The Arkansas Department of Energy & Environment – Division of Environmental Quality (“DEQ”) and Lion Oil Company, LLC (“Lion”) entered into a December 13th Consent Administrative Order (“CAO”) addressing alleged violations of an air permit. See LIS No. 21-133.
The CAO provides that Lion owns and operates a petroleum refinery (“Refinery”) in Union County, Arkansas.
The refinery holds an Air Operating Permit (“Air Permit”).
Lion is stated to have submitted on January 30, 2018, a 2017 Annual Compliance Certification (“ACC”) to DEQ personnel for review. The report is stated to have covered the reporting period of January 1, 2017, through December 31, 2017. Further, DEQ personnel are stated to have conducted a compliance inspection of the Refinery on August 3, 2018, covering the reporting period of July 2017 through June 2018.
Lion is stated to have submitted on April 30, 2018, a Continuous Emission Monitoring System (“CEMS”) Excess Emission Report (“EER”) for the First Quarter of 2018 to DEQ covering the reporting period of January 1, 2018, through March 31, 2018. In addition, on July 30, 2018, Lion is stated to have submitted a CEMS EER for the Second Quarter of 2018 to DEQ covering the reporting period of April 1, 2018, through June 30, 2018.
Paragraph 10 of the CAO indicates that based on the records in the 2017 ACC Report and previously referenced EERs, along with the August 13th inspection, certain violations were allegedly identified.
DEQ notified Lion of the alleged violations in a letter dated September 19, 2018. Lion addressed such alleged violations in correspondence dated December 3, 2018, and the CAO notes:
The correspondence referred to previously submitted reports and documentation to explain causes and corrective actions for the deviations noted. Respondent provided that at SN-811, the 3rd quarter EER for 2018 did not show an exceedance of the NOx 0.045 lb/MMBtu limit in condition FHR 8. Respondent also provided that an evaluation of operations at SN-867 was being conducted with consideration of permitting the source as a non-emergency engine.
DEQ personnel are stated to have requested additional information pursuant to an April 30, 2019, email in regards to records with actual instances of excess flaring for the years 2017 and 2018, along with certain weather data. This information is stated to have been provided. In addition, Lion in a response to a proposed CAO is stated to have:
. . . detailed improvements to operations in hopes of preventing the likelihood of future emission exceedances from the noncompliant sources. Respondent also requested that the penalty be reduced due to the corrective actions implemented at the facility.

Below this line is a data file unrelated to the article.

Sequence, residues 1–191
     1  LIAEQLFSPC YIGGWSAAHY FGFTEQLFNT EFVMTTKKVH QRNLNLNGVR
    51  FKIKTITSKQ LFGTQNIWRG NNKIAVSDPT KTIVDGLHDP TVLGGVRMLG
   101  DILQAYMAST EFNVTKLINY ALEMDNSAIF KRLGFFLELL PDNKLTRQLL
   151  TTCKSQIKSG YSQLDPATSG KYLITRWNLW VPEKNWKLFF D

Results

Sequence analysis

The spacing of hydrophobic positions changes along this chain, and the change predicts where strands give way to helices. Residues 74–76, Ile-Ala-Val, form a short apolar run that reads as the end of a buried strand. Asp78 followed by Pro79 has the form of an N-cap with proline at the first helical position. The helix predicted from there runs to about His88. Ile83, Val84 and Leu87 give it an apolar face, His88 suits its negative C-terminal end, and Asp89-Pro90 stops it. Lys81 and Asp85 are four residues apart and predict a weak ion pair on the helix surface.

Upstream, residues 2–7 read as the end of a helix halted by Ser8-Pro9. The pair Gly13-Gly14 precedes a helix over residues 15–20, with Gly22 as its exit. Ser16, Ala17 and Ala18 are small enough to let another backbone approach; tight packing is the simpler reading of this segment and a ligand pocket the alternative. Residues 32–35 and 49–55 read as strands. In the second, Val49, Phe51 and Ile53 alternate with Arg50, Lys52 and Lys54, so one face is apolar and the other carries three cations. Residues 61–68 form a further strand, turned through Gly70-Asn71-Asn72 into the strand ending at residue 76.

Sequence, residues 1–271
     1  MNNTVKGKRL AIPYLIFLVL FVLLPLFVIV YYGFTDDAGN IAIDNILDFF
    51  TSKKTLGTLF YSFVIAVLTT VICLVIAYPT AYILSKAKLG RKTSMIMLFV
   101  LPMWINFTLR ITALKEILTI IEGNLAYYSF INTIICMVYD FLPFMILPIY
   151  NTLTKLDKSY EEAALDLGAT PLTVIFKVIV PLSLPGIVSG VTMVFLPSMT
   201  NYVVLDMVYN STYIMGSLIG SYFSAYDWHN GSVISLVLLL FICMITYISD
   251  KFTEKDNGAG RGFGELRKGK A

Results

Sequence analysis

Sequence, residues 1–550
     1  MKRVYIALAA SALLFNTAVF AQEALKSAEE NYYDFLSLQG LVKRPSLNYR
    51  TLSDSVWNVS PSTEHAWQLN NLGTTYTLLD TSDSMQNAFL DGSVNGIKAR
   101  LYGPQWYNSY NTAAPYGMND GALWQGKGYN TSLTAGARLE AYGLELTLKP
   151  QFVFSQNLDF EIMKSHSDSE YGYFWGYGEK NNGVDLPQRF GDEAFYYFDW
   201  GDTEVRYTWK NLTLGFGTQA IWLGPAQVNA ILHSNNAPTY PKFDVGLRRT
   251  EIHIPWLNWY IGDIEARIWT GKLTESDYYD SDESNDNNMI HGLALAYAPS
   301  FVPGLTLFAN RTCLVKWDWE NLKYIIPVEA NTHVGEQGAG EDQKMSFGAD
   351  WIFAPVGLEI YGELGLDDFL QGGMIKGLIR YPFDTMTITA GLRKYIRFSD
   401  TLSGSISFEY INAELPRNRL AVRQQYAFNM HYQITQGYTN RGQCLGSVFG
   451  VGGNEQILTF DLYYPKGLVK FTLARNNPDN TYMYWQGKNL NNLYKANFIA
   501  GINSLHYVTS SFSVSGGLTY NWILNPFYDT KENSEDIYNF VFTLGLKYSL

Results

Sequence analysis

DEQ personnel are stated to have conducted a compliance inspection of the Refinery for the reporting period of July 1, 2019, through June 30, 2020. Such inspection is stated to have indicated that Lion failed to meet the minimum frequency of operation requirements of 95 percent up-time for the Fourth Quarter of 2019 for NOx, SO2, CO, and O2 at SN-809.
Lion stated in correspondence dated October 2, 2020, that the down-time at SN-809 was related to a leaking isolation valve that allowed ambient oxygen into the sample going to the analyzer. Further, the company noted that a new valve was installed; thus, eliminating the monitor down-town.
The inspection is also stated to have indicated Lion operated SN-870 a total of 1,223 hours during the 2019 calendar year. This is alleged to have exceeded the 500 total hours that the engine is allowed to be operated during any calendar year.
Lion responded in correspondence dated October 2, 2020, that SN-870 was operated in emergency service after September 23, 2019, to provide firewater service for the Refinery while the electric firewater pump was out of service for maintenance. It further noted that a new emergency firewater pump was installed in December, 2019, bringing the emergency usage to an end.
The inspection is also stated to have indicated that Lion failed to maintain records of the operation of the engine in emergency service, non-emergency service, maintenance checks, and readiness testing.
Lion responded to a CAO proposed by DEQ pursuant to August 19th correspondence stating:
- In regards to findings in Paragraph 1 for SN-867, Respondent stated that SN-867 ran approximately 37 hours in the year 2019 and 9. 9 hours in the year 2020 and has maintained full compliance since the documented findings in Table 1.
- In regards to findings in Paragraph 10 for SN-822 and SN-823, Respondent stated that after an extensive evaluation of each HP and LP flaring events the correct number of deviations at FLA 1 should be 26 deviations. Respondent stated that the remaining flaring events during the identified periods occurred under startup, shutdown, upset, or malfunction conditions.
- In regards to findings in Paragraph 10 for FLA 1, Respondent requested the revision to the H2S reference of "0.1 pound per day (lb/day)" to "0.1 grains per dry standard cubic feet (gr/dscf)" as referenced in Table 1.
Lion also requested a penalty reduction be considered referencing October 5th DEQ penalty worksheets, noting:
. . . cooperation since the compliance systems to document engine operations in emergency service, non-emergency service, maintenance checks, and readiness testing was updated at SN-870.
The CAO provides that Lion neither admits nor denies the factual and legal allegations contained in the document.
Lion is required to submit within 30 calendar days of the effective date of the CAO a revised ACC Report for the year 2017 to reflect the correct number of deviations that occurred at source FLA 1 for SN-822 and SN-823.
A civil penalty of $16,220 is assessed.
A copy of the CAO can be downloaded here.
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